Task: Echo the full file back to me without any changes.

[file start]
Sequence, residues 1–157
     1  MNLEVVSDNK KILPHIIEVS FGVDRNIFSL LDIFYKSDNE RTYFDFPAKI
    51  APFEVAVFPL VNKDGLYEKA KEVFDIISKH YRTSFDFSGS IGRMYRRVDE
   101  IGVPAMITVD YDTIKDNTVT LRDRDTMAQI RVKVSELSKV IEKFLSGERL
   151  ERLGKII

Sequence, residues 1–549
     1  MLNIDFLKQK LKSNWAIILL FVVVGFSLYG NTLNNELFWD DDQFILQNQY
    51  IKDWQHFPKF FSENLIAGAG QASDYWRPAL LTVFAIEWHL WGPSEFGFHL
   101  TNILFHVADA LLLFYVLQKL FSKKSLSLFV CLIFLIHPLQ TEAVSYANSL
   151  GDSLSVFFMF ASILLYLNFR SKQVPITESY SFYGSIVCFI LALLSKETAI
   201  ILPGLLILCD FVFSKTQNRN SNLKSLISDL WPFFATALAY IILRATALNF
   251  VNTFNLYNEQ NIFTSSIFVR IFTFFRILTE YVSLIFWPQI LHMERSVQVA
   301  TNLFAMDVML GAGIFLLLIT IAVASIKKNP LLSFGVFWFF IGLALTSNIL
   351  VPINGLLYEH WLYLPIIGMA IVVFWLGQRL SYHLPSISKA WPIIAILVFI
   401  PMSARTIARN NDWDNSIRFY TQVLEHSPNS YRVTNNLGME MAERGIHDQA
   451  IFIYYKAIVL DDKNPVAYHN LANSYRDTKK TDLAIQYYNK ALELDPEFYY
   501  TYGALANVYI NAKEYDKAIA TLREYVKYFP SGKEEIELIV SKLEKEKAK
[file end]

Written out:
Sequence, residues 1–157
     1  MNLEVVSDNK KILPHIIEVS FGVDRNIFSL LDIFYKSDNE RTYFDFPAKI
    51  APFEVAVFPL VNKDGLYEKA KEVFDIISKH YRTSFDFSGS IGRMYRRVDE
   101  IGVPAMITVD YDTIKDNTVT LRDRDTMAQI RVKVSELSKV IEKFLSGERL
   151  ERLGKII

Sequence, residues 1–549
     1  MLNIDFLKQK LKSNWAIILL FVVVGFSLYG NTLNNELFWD DDQFILQNQY
    51  IKDWQHFPKF FSENLIAGAG QASDYWRPAL LTVFAIEWHL WGPSEFGFHL
   101  TNILFHVADA LLLFYVLQKL FSKKSLSLFV CLIFLIHPLQ TEAVSYANSL
   151  GDSLSVFFMF ASILLYLNFR SKQVPITESY SFYGSIVCFI LALLSKETAI
   201  ILPGLLILCD FVFSKTQNRN SNLKSLISDL WPFFATALAY IILRATALNF
   251  VNTFNLYNEQ NIFTSSIFVR IFTFFRILTE YVSLIFWPQI LHMERSVQVA
   301  TNLFAMDVML GAGIFLLLIT IAVASIKKNP LLSFGVFWFF IGLALTSNIL
   351  VPINGLLYEH WLYLPIIGMA IVVFWLGQRL SYHLPSISKA WPIIAILVFI
   401  PMSARTIARN NDWDNSIRFY TQVLEHSPNS YRVTNNLGME MAERGIHDQA
   451  IFIYYKAIVL DDKNPVAYHN LANSYRDTKK TDLAIQYYNK ALELDPEFYY
   501  TYGALANVYI NAKEYDKAIA TLREYVKYFP SGKEEIELIV SKLEKEKAK